Of the 74 citations retrieved, seven explicitly referred to the NHMRC’s ‘Values and Ethics: Guidelines for Ethical Conduct in Aboriginal and Torres Strait Islander Health Research’ as a guideline underpinning the evaluation design and conduct [24]. However, 70% of citations (n = 52), particularly those published in a peer-reviewed journal, included a formal statement of ethical review and approval by a Human Research Ethics Committee (HREC) affiliated with a research institution or university. Only 23 citations (31%) discussed the use of other ethical protocols or a community-based ethical review process. These citations varied broadly in their descriptions of adhering to local cultural guidelines or consulting with an appointed Aboriginal advisory group. For example, Askew et al. (2016) [32] described the formation of a research advisory group consisting of both Aboriginal community members and experienced researchers who provided research governance and oversight, whereas Treloar et al. (2018) [98] described consulting with an Aboriginal advisory group in the program development phase rather than the evaluation process. Consideration of cultural sensitivities was also discussed broadly in some papers, including processes undertaken to build rapport with collaborating Aboriginal communities prior to the conduct of an evaluation [59, 72] and the receipt of cultural guidance or support from a steering group of Aboriginal people or Elders [40, 83].

Discussion

This review highlights the paucity of Aboriginal chronic disease program evaluations conducted in the primary health care setting across all geographical regions of Australia. Previous studies have acknowledged that only a small proportion of Aboriginal health programs have been subject to an evaluation process [12, 13]. Therefore, the included programs in this review are not representative of all chronic disease programs implemented for Aboriginal people across Australia. Of those included, the majority targeted highly prevalent chronic diseases, such as cardiovascular disease and T2DM, or risk factors for developing chronic disease, such as smoking and physical inactivity [2]. Due to the heterogeneity of programs across all geographical regions and small sample size, the review was unable to ascertain whether the spread of programs was proportionate to the distribution of chronic disease across all Remoteness Areas of Australia. For example, it was difficult to conclude whether a greater focus on the management of T2DM for Aboriginal people residing in Very Remote areas is required, where the prevalence of T2DM is approximately twice of Aboriginal people residing in Major Cities [6]. However, the small proportion of evaluated social and emotional wellbeing (SEWB) programs (e.g., mental health programs) was noted across all geographical regions, supporting the need for tailored early intervention and screening SEWB programs for Aboriginal people [19]. Internationally, tailored programs for mental health prevention have been deemed particularly important for Indigenous people, particularly those including an exploration of cultural identity [102, 103].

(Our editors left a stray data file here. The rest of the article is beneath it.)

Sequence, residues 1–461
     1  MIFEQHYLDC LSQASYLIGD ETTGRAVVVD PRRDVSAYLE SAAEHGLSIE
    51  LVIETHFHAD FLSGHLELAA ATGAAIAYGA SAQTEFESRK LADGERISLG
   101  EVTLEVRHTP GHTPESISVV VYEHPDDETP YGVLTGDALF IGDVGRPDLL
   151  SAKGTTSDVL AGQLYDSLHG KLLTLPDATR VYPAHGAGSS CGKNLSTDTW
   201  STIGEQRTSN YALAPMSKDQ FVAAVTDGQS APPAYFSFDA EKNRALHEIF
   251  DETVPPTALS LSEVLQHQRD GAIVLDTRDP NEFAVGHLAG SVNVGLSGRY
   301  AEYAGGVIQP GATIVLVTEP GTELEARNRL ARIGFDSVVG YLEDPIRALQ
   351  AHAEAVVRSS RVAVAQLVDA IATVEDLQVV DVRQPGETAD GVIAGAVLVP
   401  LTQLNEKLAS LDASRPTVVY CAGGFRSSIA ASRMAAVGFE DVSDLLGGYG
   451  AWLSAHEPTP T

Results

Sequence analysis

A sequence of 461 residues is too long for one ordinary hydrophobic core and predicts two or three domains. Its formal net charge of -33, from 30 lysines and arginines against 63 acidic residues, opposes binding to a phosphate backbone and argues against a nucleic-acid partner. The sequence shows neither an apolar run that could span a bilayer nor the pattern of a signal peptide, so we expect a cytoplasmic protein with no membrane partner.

Overall, Major Cities and Very Remote areas of Australia displayed similar levels of chronic disease program implementation activity, with less activity noted for Inner and Outer Regional (IOR) areas and Remote areas of Australia. A greater focus on chronic disease programs for Very Remote Aboriginal people when compared to IOR or Remote Aboriginal people could be informed by national data which indicates that the burden of chronic disease in Aboriginal people increases with Remoteness [6]. However, less Aboriginal people reside in Very Remote areas when compared to IOR areas (11.9% compared to 23.7 and 20.3% respectively), suggesting there is a need for the evaluation of chronic disease programs for Aboriginal people residing in IOR areas [101]. Across all geographical areas in Australia, it is anticipated that the demand for chronic disease prevention programs will increase over time, due to a higher Aboriginal population growth rate when compared to non-Aboriginal populations as indicated by 2017 national data (2.26 babies per Aboriginal woman compared to 1.75 babies per non-Aboriginal woman) [104, 105]. The demand for chronic disease programs may also increase for Indigenous people in other countries (e.g., Canada) experiencing similar population growth (2.2 babies per Aboriginal woman compared to 1.6 babies per non-Aboriginal woman in Canada) [106].